User (or admin) editable configuration file

This seems like a reasonable place to ask this. It isn’t about packaging exactly, but certainly related.

I’d like to have a human-editable configuration file that affects the behavior of a python package. The exact use case isn’t important for this discussion, but an example might be the SMTP servers and ports for a set of email domains.

The package would likely have some defaults, but it would support a human-editable file for local extensions or modifications. (/etc would be a logical location on a linux system.)

And it would be preferable if the configuration could be localized in a virtual environment.

I suppose it could go looking for configuration files, for example:

  • /etc/packagename.conf
  • $HOME/config/packagename.conf
  • $VIRTUAL_ENV/config/packagename.conf
  • built-in defaults

and merge them appropriately. Or maybe take the first one found (not in the above order) and use that. But that seems convoluted.

Suggestions, anyone?

What you suggest sounds reasonable. If you want it to be cross-platform, you can use platformdirs for os-specific locations.

If you think that’s convoluted, wait till someone asks for the ability to override via environment variables or command line options!

It’s quite possible there’s a library for this on PyPI. I haven’t checked, though.

Thanks for the pointer to platformdirs. I knew I was going to have to deal with that but hadn’t gotten to the point of thinking about it. I’m reasonably comfortable with Python for just my own usage. This is my first attempt at considering something that might be generally useful (for a fairly specific audience). And looking at platformdirs gives me some ideas of how to do things.

And I already planned to support specifying an alternate location for the configuration file as an option. That’s the easy part.

There used to be something called configglue, but looking back at that now, it looks like it’s been largely abandoned, and was never ported to argparse. Probably there are many others - pretty much everyone faces this particular integration challenge at some point.

@urbanian : In general, there’s some pretty good arguments for separating changeable config out from code, how far you take that is up to your planned uses.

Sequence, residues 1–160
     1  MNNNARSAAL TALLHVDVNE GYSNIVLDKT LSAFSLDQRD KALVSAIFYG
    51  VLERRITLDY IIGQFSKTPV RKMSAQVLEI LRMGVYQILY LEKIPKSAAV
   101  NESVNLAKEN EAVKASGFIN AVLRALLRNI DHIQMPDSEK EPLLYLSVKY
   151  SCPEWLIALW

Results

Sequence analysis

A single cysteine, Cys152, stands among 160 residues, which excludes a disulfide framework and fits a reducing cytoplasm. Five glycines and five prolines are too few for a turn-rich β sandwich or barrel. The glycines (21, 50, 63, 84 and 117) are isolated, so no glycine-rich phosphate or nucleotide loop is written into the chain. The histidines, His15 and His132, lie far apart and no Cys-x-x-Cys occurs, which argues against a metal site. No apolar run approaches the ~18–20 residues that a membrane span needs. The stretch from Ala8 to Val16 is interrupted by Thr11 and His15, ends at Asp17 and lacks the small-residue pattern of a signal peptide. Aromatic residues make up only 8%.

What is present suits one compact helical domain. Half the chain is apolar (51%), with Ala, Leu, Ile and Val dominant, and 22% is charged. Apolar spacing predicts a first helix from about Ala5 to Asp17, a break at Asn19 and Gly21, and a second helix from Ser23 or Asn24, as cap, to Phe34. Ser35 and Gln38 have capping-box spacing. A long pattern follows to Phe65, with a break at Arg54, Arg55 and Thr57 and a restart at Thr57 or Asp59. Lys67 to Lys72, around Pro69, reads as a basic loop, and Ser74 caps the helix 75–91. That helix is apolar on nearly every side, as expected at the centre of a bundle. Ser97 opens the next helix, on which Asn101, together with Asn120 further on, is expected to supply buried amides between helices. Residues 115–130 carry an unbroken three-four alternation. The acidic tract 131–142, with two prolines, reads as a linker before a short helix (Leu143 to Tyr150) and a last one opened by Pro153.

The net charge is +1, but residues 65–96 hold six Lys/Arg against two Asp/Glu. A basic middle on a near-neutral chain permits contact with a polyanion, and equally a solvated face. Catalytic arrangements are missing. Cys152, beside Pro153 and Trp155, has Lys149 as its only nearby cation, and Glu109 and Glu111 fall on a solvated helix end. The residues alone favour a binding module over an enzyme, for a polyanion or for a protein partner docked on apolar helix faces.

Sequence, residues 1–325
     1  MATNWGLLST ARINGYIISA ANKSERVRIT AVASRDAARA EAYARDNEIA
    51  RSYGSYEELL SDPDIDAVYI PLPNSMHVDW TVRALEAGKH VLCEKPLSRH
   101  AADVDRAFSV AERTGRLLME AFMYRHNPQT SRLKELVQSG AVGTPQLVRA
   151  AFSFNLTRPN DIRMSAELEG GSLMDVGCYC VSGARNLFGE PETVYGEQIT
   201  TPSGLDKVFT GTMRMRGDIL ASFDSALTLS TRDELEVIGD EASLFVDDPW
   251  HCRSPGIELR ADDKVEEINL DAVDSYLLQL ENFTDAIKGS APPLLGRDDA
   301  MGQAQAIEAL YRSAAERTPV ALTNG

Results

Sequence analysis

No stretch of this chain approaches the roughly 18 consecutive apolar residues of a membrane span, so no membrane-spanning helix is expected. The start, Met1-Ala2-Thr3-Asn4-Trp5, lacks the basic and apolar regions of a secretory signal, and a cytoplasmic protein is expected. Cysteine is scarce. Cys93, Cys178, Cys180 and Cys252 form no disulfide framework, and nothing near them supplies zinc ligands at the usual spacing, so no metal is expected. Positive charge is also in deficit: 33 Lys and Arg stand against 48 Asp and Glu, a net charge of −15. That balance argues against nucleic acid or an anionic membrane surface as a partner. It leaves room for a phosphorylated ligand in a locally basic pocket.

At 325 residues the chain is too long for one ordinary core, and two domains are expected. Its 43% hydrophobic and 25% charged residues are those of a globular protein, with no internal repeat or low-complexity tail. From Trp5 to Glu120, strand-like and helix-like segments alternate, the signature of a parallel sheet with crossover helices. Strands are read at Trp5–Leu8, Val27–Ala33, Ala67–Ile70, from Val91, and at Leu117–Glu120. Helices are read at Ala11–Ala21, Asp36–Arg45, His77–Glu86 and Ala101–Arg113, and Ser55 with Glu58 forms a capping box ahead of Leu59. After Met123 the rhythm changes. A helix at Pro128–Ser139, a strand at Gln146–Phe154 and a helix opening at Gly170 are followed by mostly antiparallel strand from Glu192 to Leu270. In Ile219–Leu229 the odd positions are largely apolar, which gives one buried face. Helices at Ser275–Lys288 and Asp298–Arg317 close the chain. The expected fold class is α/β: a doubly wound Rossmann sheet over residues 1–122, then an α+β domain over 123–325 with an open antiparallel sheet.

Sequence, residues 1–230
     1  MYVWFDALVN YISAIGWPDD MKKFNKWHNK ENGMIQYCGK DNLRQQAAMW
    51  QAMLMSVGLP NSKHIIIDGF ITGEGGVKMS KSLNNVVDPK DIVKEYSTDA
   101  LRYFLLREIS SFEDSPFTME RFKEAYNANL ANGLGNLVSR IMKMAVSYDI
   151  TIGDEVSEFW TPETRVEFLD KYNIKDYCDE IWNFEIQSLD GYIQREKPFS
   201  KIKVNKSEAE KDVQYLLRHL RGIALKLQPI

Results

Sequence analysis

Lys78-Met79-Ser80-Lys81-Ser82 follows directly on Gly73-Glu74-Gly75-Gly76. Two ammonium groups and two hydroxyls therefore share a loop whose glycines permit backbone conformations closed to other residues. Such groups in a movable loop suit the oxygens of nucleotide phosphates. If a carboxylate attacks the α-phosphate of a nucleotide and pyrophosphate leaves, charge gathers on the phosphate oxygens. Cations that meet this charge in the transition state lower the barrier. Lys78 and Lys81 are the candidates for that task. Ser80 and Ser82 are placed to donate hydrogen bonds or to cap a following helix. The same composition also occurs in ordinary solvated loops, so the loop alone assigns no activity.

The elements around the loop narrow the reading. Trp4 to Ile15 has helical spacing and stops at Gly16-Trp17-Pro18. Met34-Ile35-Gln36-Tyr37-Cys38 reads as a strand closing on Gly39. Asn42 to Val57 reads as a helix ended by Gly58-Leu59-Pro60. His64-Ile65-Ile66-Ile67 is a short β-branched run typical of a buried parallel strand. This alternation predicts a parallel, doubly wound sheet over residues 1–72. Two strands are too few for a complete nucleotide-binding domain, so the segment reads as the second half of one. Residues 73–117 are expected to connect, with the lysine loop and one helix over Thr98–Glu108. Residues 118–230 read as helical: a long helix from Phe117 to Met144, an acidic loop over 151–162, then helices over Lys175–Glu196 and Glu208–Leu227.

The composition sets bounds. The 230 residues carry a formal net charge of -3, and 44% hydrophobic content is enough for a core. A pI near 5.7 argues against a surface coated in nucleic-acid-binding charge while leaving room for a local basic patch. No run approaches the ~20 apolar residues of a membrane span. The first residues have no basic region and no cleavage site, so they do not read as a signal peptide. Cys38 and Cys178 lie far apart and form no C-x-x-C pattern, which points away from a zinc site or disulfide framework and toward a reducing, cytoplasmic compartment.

@ mwichmann: That’s pretty much my goal here, to keep actual values out of the code. The configuration would provide values to be used for different site (or user) defined use cases, even though there may be a few well-known cases that could be defaults in the package. (But the defaults could be overridden by the installation or user if necessary.

Taking the example in my original post, the SMTP server and port for email addresses are well known and would be built in, but I wouldn’t try to pre-define all of the other domains supported by the Yahoo infrastructure.

And at this point I’m only providing a callable library, not a command. Any command-line setting of the configuration would just provide an alternate configuration file, probably replacing all of the built-in files. (Or maybe to be merged with the others? I haven’t thought that through. Maybe that’s best.)

In some of my projects I am using confuse:

It is able to combine multiple configuration files together and has built-in support for configuration directories like $XDG_CONFIG_HOME etc. The library is able to read a configuration template distributed with your Python package and automatically use a configuration directory based on your application name.

The way of creating the configuration scheme (parameters and their data types) seems reasonable.

What I am not a fan of in this library:

  • Use of the overcomplicated YAML format.
  • There is not a single API call to write the configuration to configuration files but for my use-case the function to do that is very simple (few lines).
  • The library is able to keep comments when writing to a configuration file but they must start at the beginning of lines (no leading spaces).
  • There is no built-in support for type annotations for the configuration parameters.
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